Gurugram: India, actually just Urban India, is the world’s third largest garbage generator. For a country where just 12% of the waste is treated and a paltry 5% is composted, it is quite impressive to see a bunch of school children confidently talk about the benefits of waste segregation and composting. These children from the Shri Ram School Aravali in Gurugram have some tangible results to show for the efforts being made in waste management. From food wastage to recycling, the children are becoming more conscious about the environment and how to care for it, making it one of the Top 20 ‘green schools’ in the country.
The entire campus has coloured dustbins to allow students to dispose of trash quickly. Classrooms have two dustbins: one for wet waste (blue) and the other for dry waste (green).
Apart from classrooms, there is also the Lunch Hall where a lot of kitchen waste is generated. To ensure that the students segregate the waste properly, the students of the Environment Society made the dry waste bins look like basketball hoops, to replicate the paper toss into the ring game. This way they hope to playfully engage students to segregate their waste.
It is also raising awareness among students about other important issues. In the words of a young member of the school’s Environment club, Jaysree, “Food wastage is a huge problem in the school. In our Lunch hall, 100kgs per day of food is wasted.”
Now this food waste along with the horticulture waste, like leaves, make their way to the school’s composting pit. Here calcium oxide is added to the waste and kept for 25 days. Then it is put out in the sun for 5 days to make khaad (manure). The output of manure from this composting pit is a whopping 200-300 kgs every month. This manure is utilised by the school itself to sustain the myriad plants and pots on campus.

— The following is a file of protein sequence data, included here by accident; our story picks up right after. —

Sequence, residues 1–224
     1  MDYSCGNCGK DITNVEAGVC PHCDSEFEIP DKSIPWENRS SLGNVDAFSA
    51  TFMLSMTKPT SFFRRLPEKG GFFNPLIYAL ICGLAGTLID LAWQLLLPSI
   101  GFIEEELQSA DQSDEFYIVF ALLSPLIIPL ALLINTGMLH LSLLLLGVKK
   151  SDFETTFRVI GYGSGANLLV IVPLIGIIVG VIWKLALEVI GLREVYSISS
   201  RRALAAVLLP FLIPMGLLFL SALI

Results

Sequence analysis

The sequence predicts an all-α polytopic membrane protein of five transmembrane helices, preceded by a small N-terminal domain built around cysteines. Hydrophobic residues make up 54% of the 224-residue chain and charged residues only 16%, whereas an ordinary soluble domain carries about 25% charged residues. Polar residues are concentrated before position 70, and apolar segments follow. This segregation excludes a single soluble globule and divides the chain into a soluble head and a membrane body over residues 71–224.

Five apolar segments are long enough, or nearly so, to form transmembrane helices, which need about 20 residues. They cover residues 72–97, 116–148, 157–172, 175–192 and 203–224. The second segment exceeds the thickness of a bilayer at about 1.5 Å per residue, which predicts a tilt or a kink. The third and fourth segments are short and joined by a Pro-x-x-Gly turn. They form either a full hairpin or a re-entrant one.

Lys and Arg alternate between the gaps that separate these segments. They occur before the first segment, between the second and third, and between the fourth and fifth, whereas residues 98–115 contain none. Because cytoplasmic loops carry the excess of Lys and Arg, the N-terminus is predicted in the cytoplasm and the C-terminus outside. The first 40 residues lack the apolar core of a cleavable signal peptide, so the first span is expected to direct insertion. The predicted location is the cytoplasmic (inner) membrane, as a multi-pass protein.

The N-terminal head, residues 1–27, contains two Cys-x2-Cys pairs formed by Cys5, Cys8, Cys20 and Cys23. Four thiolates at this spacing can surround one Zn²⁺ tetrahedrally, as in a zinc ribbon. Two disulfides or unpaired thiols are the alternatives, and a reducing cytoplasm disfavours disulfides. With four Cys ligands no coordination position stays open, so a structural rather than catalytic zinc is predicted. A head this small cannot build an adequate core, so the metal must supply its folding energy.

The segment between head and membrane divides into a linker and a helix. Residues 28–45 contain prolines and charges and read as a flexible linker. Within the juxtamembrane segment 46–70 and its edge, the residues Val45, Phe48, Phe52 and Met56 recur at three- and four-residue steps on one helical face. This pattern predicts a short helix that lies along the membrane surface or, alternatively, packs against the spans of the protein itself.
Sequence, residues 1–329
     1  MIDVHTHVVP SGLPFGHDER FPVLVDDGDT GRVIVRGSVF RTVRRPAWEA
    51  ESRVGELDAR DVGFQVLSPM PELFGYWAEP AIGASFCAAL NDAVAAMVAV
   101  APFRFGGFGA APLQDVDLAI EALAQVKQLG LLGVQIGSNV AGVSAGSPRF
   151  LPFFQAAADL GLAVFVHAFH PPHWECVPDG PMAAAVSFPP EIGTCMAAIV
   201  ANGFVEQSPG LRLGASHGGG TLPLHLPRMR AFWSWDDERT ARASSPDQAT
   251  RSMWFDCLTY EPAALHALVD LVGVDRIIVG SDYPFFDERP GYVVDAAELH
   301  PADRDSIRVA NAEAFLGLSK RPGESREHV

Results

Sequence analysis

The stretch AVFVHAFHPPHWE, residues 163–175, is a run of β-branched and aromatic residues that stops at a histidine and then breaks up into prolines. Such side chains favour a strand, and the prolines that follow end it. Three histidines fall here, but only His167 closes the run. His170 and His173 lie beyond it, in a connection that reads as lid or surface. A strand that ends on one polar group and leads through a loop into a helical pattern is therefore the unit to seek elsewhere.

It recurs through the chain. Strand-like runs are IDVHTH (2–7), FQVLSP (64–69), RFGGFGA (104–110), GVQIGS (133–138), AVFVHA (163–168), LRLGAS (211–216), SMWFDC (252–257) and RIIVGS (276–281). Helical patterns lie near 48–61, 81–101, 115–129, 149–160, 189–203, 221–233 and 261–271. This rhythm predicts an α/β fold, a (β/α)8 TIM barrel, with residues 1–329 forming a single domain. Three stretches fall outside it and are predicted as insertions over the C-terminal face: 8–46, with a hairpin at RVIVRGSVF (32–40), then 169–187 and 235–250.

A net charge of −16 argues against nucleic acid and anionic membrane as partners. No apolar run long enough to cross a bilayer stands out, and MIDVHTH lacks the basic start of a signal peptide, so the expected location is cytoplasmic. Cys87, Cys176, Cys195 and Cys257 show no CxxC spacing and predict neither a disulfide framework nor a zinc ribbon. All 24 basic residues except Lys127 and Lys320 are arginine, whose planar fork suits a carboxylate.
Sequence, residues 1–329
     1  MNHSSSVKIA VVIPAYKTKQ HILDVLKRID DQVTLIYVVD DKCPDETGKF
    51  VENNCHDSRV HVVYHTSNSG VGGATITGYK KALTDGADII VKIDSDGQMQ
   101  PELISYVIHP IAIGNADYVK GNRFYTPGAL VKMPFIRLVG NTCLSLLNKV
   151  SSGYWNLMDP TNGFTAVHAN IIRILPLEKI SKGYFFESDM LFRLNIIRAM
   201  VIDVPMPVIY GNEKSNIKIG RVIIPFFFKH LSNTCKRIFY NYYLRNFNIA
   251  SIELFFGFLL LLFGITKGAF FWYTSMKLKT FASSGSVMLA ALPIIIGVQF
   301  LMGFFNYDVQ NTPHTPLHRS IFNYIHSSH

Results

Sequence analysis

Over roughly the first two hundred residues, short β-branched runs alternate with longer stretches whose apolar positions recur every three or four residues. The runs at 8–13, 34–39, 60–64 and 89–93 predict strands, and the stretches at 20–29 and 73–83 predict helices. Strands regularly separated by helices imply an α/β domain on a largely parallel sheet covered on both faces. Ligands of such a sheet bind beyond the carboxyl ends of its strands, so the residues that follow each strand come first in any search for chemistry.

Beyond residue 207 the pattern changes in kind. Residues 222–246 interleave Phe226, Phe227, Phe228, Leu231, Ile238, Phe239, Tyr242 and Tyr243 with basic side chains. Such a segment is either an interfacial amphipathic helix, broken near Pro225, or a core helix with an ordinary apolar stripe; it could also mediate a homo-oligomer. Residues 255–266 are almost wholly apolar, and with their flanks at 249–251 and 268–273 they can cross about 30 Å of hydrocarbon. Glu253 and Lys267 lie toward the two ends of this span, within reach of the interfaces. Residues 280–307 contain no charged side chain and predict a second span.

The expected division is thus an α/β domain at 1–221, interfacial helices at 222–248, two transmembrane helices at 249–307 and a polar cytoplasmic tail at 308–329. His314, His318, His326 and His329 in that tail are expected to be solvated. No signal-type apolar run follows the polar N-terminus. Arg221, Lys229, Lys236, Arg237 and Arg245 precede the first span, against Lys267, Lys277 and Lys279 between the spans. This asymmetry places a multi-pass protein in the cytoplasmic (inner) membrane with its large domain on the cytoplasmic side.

Sewage Treatment Plant
Posters line the bathrooms to encourage students to reduce water wastage and usage. This dirty water from bathrooms leaves the main building and goes to the Sewage Treatment Plant where it gets sanitised, disinfected and is used for watering the field and plants.
Even the chemicals that are drained from the chemistry labs undergo an elaborate titration system where the residual mixture is treated with Sodium Hydroxide solution and diluted Hydrochloric Acid. This ensures that the chemical waste water that reaches the Sewage Treatment Plant is of a neutral pH.
Recycling – A Way of Life
The school has a mechanism to collect waste paper from all classes. This paper is then recycled and reused. The school is a no plastic zone and use of plastics is discouraged. The children try and come up with interesting ways to drive home the ‘no-plastics’ message. Last year, the students constructed a bench solely out of waste plastic bottles filled with sand and joined together by cement. This was to promote the reuse and recycling of plastic bottles and reiterate the gravity of the ‘No-Plastic Zone’.
The school also has something called the Tetra Pack Bin, where students throw their used and washed packs. Aluminium within these packaging materials is taken and recycled by the companies which periodically collect these packs.
Watch: The Green School That Makes A Difference
The Shri Ram School Aravali is also doing a lot in other aspects of adopting eco-friendly practices. Solar energy powers the street lights across the campus. The school has a massive underwater Rain Water Harvesting System with 8 percolation pits in different areas. This water is again used for watering and cleaning purposes. Little wonder then that this school is among the Top 20 Green schools in the country.